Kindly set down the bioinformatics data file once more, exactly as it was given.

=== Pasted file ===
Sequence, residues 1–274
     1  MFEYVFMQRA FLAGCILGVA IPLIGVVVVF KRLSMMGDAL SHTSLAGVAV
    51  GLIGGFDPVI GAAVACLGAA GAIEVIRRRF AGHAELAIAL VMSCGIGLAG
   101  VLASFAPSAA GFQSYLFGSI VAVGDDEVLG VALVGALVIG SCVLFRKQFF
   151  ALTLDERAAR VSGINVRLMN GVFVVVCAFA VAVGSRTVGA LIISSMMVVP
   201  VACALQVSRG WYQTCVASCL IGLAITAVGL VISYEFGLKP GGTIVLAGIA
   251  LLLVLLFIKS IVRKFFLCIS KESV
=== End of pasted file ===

Sequence, residues 1–274
     1  MFEYVFMQRA FLAGCILGVA IPLIGVVVVF KRLSMMGDAL SHTSLAGVAV
    51  GLIGGFDPVI GAAVACLGAA GAIEVIRRRF AGHAELAIAL VMSCGIGLAG
   101  VLASFAPSAA GFQSYLFGSI VAVGDDEVLG VALVGALVIG SCVLFRKQFF
   151  ALTLDERAAR VSGINVRLMN GVFVVVCAFA VAVGSRTVGA LIISSMMVVP
   201  VACALQVSRG WYQTCVASCL IGLAITAVGL VISYEFGLKP GGTIVLAGIA
   251  LLLVLLFIKS IVRKFFLCIS KESV